This month’s article was written by Rabbi Igael Gurin-Malous, director of spiritual counseling at Beit T’shuvah and the executive director of the new T’shuvah Center in NYC.
Pain. Loss. Grief. Fear. Longing. Heartache. Sadness. These are the experiences of life, and every person must struggle with these feelings. Yet we gloss over them in common conversation. “Hi, how are you?” is almost always met with “Good, OK, even when we feel the exact opposite. This element of our human condition, which could not be felt more profoundly these days, challenges us to examine the very depths of ourselves and our ability to reach the heights of our potential growth.
I see it in my work every day. As the spiritual director at Beit T’Shuvah, a residential addiction recovery center in Los Angeles, California, we center our work on Jewish thought and spirituality as a core value toward recovery. I meet many people and families hurting in need of help and direction.
Sunday we will mark Tisha B’Av, the ninth day of the Hebrew month of Av. Considered one of the major fast days in our tradition, it is the day we choose to focus on the destruction of our ancient temple in Jerusalem and the beginning of the exile that changed everything. Our diaspora and our understanding of rabbinical Judaism are a direct result of that event and our quest to find new meaning in an ever-changing world. It is on this day that personal trauma can align with national trauma.
We are taught that the ancient Temple was destroyed because of senseless hatred. A community that did not embrace acceptance, authenticity and compassion. Hatred is a result of not seeing other people’s pain and suffering. We often blind ourselves to other people’s pain. Yet when we are open to our own feelings, our ability to connect to others is enhanced.
Using this day of ritual importance serves as an opportunity to better personal understanding. We must look inward and outward to see those who are suffering and see ourselves.
Who among us has not been touched by the disease of alcoholism? Drug abuse? Gambling? Or plain misery and feelings of loneliness and disconnect?
So, I ask myself, how do we respond to life’s challenges? How do we return to a state of peace and equanimity within ourselves? How do we repent? Our lives are filled with daily actions and decisions. How do we know when we have made the right decision and how do we acknowledge when we have not?
The answer to these questions, and the remedy to our condition, is to practice acceptance for all who are suffering and to promote connection. Our ability to transform our actions and our points of view hinges on our ability to accept all those around us and see their pain and struggle as our own.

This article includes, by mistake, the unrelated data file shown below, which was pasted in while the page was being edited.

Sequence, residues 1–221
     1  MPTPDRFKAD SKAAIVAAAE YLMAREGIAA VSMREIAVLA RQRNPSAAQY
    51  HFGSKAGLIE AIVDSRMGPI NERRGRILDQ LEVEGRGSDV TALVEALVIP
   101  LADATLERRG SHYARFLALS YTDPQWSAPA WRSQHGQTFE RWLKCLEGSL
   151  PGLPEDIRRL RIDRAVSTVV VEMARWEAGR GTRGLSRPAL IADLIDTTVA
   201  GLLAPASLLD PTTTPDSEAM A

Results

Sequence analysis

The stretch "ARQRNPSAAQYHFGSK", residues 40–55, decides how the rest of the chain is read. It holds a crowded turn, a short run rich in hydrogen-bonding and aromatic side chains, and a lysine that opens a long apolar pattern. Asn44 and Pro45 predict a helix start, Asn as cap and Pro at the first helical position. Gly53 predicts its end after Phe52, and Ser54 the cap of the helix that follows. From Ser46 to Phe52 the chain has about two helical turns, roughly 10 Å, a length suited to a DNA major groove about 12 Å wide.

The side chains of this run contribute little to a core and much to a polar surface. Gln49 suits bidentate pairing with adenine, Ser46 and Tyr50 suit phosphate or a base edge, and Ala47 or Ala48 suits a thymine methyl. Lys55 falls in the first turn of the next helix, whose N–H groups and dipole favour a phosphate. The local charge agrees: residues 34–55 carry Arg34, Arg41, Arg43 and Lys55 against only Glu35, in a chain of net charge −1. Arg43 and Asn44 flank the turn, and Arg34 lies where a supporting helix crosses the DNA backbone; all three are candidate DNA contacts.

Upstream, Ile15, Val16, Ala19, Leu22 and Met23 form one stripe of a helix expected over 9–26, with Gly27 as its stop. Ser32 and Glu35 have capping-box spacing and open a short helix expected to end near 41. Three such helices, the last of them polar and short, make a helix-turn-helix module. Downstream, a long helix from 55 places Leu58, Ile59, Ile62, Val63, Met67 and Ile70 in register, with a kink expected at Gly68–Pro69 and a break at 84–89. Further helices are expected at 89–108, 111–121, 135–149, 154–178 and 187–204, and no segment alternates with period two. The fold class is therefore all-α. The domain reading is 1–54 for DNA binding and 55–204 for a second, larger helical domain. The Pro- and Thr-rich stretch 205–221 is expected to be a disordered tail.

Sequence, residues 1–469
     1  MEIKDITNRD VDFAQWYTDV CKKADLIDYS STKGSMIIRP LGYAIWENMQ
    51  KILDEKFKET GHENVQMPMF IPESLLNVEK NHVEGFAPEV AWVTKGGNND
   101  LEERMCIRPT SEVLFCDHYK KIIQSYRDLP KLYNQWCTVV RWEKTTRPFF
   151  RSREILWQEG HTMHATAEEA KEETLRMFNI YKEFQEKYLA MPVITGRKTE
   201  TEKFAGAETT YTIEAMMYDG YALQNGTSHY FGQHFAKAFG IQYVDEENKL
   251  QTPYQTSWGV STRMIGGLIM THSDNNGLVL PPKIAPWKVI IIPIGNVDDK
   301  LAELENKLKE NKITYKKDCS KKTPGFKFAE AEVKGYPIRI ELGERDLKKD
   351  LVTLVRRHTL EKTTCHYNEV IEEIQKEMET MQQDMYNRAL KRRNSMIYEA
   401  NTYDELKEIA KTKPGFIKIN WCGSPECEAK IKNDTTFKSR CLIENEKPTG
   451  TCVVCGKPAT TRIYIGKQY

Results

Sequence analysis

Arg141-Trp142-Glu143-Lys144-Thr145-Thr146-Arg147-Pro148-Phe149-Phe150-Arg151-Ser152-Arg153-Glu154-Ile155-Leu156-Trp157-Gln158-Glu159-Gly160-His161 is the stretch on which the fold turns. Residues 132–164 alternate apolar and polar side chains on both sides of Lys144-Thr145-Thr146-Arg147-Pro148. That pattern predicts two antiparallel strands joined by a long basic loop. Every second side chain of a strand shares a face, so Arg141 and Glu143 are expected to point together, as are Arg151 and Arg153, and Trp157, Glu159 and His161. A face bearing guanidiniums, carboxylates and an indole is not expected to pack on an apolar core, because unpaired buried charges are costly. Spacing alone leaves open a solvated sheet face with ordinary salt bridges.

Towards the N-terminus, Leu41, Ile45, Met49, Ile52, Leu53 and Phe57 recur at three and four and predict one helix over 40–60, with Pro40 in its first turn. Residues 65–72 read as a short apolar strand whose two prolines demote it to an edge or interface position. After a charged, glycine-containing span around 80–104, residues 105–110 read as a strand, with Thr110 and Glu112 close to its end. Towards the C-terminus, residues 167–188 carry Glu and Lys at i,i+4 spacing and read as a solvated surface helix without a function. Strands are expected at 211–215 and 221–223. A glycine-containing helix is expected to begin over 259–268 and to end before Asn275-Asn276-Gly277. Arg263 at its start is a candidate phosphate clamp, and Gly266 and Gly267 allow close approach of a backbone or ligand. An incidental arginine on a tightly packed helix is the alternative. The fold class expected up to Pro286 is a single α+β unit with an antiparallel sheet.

Our charge to invite and connect to all who seek shelter, nourishment (both physical and spiritual) resounds in my heart! We must look each other in the eye and seek that which connects us. We must practice deep and meaningful compassion.
But how? The Jewish idea of teshuva has three meanings. To repent, to return and to answer. Teshuva, real teshuva, that is, real repentance, has in turn three main parts we can use to examine ourselves: truth, remorse and responsibility.
Living in truth one must ask oneself, “What did I do wrong?” and then “Why did I do it? What was the justification I gave myself?” We tell ourselves something when we are about to do something we should not (things like I deserve it/I don’t have time to cook a healthy meal/I’ll go to the gym later/she started it /it’s been a long day/I don’t want to feel like this anymore/it’s too hard, etc.).
By honestly looking at our actions and understanding the lies we tell ourselves, we pave the way to awareness.
In feeling remorse, we have to acknowledge that our actions always affect someone else. We must ask, “Who is affected by my actions? How are they affected by my actions?” The wreckage one person can have on the lives of others is immense, and we tell ourselves lies when we say that we are only hurting ourselves. Seeing what we mean in the world and our interconnectivity is key.
Which leads to responsibility. Now that I looked honestly at my actions and their effect, I can see if I can change. What have I learned about myself? What is my plan to change and strive to be better?
Practicing compassion changes us. Glossing over someone’s pain becomes impossible. We recognize all, who, like us, just want to belong and want to be seen.
Creating communal spaces where we can learn from our cultural heritage to create a better world for all of us is a moral and spiritual necessity in our Jewish community. Inviting back all who want to return. All who are seeking an answer and all who want to become better today than they were yesterday. It is our teshuva.
By Eta Levenson and Lisa Lisser
Eta Krasna Levenson is a clinical social worker who lives in West Orange. She can be reached at [email protected]
Lisa Lisser is a Jewish educator who recently participated in an immersive training program for Jewish educators and clergy at Beit T’Shuva, a Jewish faith-based residential rehab facility in LA. Lisa can be reached at [email protected]